The coercive taint on fiat money is not a character trait of the money as a medium of exchange it is in the use of the money by the state to unjustly transfer resources from producers to itself. And this effect is limited unless the state takes over all production.June 15, 2013 at 10:56 am #17861
I’m sorry–trying to understand the second paragraph…”it doesn’t follow…that the pattern of prices…bears no relationship to people’s preferences”?
As I was writing my last post, I understood that entrepreneurs are still satisfying consumer preferences; but, I’m reading the Great Deformation and I think it is arguable that the loose monetary policy has created non-productive trades and that much of the market’s foresight is in response to the easy money. Therefore, many people are getting rich that aren’t necessarily in government but conceivably shape government to protect their ends; and, they are probably not providing net value to the economy. Moreover, the preferences of these people that possess so much disposable money create markets in the private sector. Do you believe we can improve the economy by privatizing things that are currently under government purview and by reforming the tax code? I’m of the opinion that all bets are off as long as we have government issuing currency, particularly fiat. Sorry if I seem to be getting off track. I guess I just worry about so much of the debate being on taxes, interventionism and the mixed economy, which I am against, while only paying lip service to the monetary system, which I believe is the source of all the other distortions. I want to be satisfied with your answers and not waste your time–I have a lot to learn so this must be frustrating for you. Thank you for engaging me all the same.June 17, 2013 at 2:34 pm #17862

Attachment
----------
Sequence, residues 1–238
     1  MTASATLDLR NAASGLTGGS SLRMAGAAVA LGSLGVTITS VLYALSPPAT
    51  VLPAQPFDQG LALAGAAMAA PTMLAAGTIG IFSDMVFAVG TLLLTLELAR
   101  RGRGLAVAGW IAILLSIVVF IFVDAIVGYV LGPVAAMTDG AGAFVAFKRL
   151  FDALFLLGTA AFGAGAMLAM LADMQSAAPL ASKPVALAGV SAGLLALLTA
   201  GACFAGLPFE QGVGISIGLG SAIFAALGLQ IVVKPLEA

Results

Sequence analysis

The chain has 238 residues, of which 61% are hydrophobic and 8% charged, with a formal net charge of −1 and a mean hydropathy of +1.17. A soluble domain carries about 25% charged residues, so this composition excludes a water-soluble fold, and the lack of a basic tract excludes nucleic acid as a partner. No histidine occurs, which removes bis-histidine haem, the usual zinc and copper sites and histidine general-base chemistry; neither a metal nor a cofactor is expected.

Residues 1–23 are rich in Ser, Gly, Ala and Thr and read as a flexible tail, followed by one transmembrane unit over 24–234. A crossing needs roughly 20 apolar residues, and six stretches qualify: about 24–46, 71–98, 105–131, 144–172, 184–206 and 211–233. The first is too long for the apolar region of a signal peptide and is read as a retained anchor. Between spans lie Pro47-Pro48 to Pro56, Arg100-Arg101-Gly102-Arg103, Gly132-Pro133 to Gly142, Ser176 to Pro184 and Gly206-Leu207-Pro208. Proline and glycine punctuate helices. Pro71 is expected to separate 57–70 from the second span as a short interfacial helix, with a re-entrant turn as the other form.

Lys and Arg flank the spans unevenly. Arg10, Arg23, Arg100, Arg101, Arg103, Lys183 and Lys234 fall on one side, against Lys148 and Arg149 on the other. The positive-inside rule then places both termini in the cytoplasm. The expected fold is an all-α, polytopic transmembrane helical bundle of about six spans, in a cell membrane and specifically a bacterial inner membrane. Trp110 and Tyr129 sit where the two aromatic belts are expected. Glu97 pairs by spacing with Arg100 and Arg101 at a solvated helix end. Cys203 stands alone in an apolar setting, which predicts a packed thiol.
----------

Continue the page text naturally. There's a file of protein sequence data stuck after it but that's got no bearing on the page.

The state’s policies, both fiscal and monetary, generate unjust wealth transfers through trade. But not everyone is tainted by these policy sins. When my wife and I bought lunch at Hot Head Burritos today both we and HHB benefited. The value of the lunch to us relative to money exceeded the value of the lunch relative to money to others who did not buy it. The nature of our trade was not altered because we used fiat money.
I agree that fiat money and fractional reserve banking empower the state more than the power to tax. Ending the Fed and turning production of money over to private enterprise would restore more of our liberty than any other single reform. Even so, the power to issue fiat money is not the source of the other distortions. If we had a private monetary system, the state would still distort the economy by taxing and regulating our activity and running its own production facilities.
Economics helps us to discern the effects of each of the state’s activities.